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NEW BRITAIN - The annual Polish Dozynki - or, in English, "Harvest Festival" - brought in one of the smallest Saturday night crowds since the festival's inception in New Britain three decades ago.
But organizers, who were proud to be part of the Polish tradition, say they are hoping today's turnout will make up for the initial sparse attendance of only 1,800 to 2,500 people.
"This is the 24th year I've been involved. We usually [draw] 5,000," said Lucian Pawlak, president of the Polish-American Club of Greater New Britain and the city's former mayor.
"In Poland, the harvest festival goes back 1,000 years. In New Britain, we've been celebrating it for 27 years," he added.
Pawlak, a full-blooded Pole, lamented that "the people of Poland today are caught up in becoming Americanized, while Polish-Americans [at least in New Britain] want to slow it down and keep our culture and our traditions. A lot of things that are celebrated here are no longer celebrated in Poland - after the fall of the Soviet Union. They really don't care about tradition in Poland as much as we do in New Britain."
Polish pride did rock the event, which was still an impressive sight, with couples dancing in front of giant mural depicting the harvest to rock music with Polish lyrics.
Falcon Field on Farmington Avenue seemed like a cross between Gorky Park and Disneyland, with the festivity of a University of Connecticut spring weekend and the decorations of a theme park.
During certain songs, it also seemed a little bit like an Eastern European discotheque, said Monica Hermanowski-Defronzo, 24, secretary of the Dozynki Committee, who blamed the poor attendance on hot weather.
"I think it was too warm," she said.
Her father, Democratic Alderman Larry Hermanowski, urged people to come out today for the final day of the celebration. His take on why the Saturday crowd came up short on numbers was that the celebration is usually on the third week of August, but this year's event came a week later - "when a lot of people are taking their kids back to college."
Pawlak noted that for him, the high point of the celebration was the traditional Harvest Mass at 11 a.m., which drew about 500 people, a little more than average.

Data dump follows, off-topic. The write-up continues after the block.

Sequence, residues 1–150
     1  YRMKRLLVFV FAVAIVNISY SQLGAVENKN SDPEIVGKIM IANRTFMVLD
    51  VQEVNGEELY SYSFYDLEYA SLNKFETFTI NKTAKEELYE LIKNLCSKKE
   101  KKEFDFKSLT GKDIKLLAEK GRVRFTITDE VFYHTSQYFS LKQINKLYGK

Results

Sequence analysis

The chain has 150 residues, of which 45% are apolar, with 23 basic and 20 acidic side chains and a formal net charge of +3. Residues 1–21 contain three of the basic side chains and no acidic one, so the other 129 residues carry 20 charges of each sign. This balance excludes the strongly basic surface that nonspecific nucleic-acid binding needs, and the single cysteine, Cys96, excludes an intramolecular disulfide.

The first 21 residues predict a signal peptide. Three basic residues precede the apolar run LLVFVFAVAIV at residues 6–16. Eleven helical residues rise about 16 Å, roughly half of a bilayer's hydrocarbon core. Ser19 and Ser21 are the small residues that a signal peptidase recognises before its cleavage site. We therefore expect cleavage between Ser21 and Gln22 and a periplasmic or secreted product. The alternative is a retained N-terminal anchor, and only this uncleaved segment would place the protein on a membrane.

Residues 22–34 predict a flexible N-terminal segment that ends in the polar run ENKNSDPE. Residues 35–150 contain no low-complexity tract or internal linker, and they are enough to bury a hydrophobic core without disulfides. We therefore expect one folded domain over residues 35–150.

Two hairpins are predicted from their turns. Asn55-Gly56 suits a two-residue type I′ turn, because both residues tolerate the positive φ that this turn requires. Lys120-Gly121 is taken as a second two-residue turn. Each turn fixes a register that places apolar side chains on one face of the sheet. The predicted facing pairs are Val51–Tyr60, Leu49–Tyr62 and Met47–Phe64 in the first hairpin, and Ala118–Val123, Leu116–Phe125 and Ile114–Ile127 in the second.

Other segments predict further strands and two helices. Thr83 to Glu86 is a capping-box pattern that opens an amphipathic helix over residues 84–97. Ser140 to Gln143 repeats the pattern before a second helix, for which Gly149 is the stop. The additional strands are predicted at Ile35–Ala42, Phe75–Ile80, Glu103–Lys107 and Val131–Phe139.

"It's a Mass of thanksgiving," Pawlak said. "The whole point is that we are thanking God for providing for us."
Mayor Timothy Stewart and Hermanowski said they would like to see if the festival could be held once again on Broad Street, where it began.
But Hermanowski's daughter said she kind of likes it out in the woods.
"Back here, it is easier to have a picnic," she said, because people go there every weekend in the summer for such events.
Roman Nowak, chairman of the Dozynki Committee, however, said "The history of Dozynki is not a street festival. It is a harvest festival."
People who attended said they liked it.
Andy Skrodzki, 45, of Springfield, Mass., said he traveled all the way to New Britain to enjoy the festival because of its traditional reputation.
"So far, so good," he said, around 8 p.m.
Strodzki is an immigrant from the small industrial community of Lomza, Poland, which he said was a great place. "It's like New Britain," he said.
Re: US Polish traditionalists 'celebrate the harvest'
In the UK attendance at such things is also dwindling. It was dwindling several years prior to the EU ascension.
There used to be very well attended dances in Polish centres (never any street parades or anything like that). Not only for dozynki but also for "wianki" the midsummer festival and at Christmas and easter dances. The dances were particularly popular in the 80s because that was the time balls became very popular in UK society. They were really popular with people in their teens and twenties because it was a chance to dress up to the nines and flirt with the opposite sex all with the approval of parents. Pretty civilised affairs (but with a large consumption of alcohol) with a mixture of walz type dancing, folk dancing and (strangely but always a tradition) "zorba the greek" when people were really pissed and falling over. Generally towards the end there would be some drunken teen girl crying in the loos being consoled about some boy who had gone off with another.
The more traditional dances started losing popularity as the old crowd settled down and stopped attending and the new crowd became infused with more and more Poles coming over from Poland in the late 90s. One of the nicest venues in London has been completely ruined now by being turned into a type of Polish nightclub by a new Polish owner. Another really nice one has stopped doing dances two years ago because they had their drink license revoked after complaints from locals about noisy drunks. For so many years this was not a problem.